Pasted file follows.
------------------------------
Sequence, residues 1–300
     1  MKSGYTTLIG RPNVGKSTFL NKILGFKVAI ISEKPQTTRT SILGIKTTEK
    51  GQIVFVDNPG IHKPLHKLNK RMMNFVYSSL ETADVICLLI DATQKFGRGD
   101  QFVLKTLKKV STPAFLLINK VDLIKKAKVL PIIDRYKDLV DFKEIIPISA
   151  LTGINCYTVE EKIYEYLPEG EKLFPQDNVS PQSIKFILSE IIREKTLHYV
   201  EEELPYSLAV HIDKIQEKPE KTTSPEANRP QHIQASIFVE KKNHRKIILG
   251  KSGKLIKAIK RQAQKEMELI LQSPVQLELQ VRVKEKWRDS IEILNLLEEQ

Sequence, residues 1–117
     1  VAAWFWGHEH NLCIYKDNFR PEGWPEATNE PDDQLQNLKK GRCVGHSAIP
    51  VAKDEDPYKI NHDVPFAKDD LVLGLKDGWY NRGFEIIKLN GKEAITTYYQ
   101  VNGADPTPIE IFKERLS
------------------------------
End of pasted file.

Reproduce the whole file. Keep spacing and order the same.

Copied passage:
Sequence, residues 1–300
     1  MKSGYTTLIG RPNVGKSTFL NKILGFKVAI ISEKPQTTRT SILGIKTTEK
    51  GQIVFVDNPG IHKPLHKLNK RMMNFVYSSL ETADVICLLI DATQKFGRGD
   101  QFVLKTLKKV STPAFLLINK VDLIKKAKVL PIIDRYKDLV DFKEIIPISA
   151  LTGINCYTVE EKIYEYLPEG EKLFPQDNVS PQSIKFILSE IIREKTLHYV
   201  EEELPYSLAV HIDKIQEKPE KTTSPEANRP QHIQASIFVE KKNHRKIILG
   251  KSGKLIKAIK RQAQKEMELI LQSPVQLELQ VRVKEKWRDS IEILNLLEEQ

Sequence, residues 1–117
     1  VAAWFWGHEH NLCIYKDNFR PEGWPEATNE PDDQLQNLKK GRCVGHSAIP
    51  VAKDEDPYKI NHDVPFAKDD LVLGLKDGWY NRGFEIIKLN GKEAITTYYQ
   101  VNGADPTPIE IFKERLS